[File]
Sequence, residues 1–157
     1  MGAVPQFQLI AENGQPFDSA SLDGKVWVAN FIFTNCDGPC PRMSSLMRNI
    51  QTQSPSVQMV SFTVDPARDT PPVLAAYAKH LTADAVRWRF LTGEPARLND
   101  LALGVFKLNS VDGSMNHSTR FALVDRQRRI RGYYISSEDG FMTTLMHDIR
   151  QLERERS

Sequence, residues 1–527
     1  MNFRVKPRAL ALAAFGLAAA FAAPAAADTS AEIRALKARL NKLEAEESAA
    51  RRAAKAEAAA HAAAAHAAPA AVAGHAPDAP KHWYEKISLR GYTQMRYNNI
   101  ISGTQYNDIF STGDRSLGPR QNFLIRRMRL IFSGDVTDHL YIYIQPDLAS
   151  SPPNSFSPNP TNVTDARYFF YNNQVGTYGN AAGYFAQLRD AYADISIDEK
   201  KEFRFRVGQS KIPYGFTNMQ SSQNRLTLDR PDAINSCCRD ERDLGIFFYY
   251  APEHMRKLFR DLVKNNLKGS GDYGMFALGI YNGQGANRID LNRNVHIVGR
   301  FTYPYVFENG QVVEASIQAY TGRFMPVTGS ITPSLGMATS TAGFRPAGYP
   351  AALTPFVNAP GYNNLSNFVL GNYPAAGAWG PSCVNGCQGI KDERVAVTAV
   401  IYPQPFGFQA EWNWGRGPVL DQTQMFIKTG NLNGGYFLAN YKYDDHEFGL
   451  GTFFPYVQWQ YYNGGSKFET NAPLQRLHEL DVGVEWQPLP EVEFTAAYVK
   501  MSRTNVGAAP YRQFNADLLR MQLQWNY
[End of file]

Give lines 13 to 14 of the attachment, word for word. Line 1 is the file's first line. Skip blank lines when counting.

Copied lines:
   301  FTYPYVFENG QVVEASIQAY TGRFMPVTGS ITPSLGMATS TAGFRPAGYP
   351  AALTPFVNAP GYNNLSNFVL GNYPAAGAWG PSCVNGCQGI KDERVAVTAV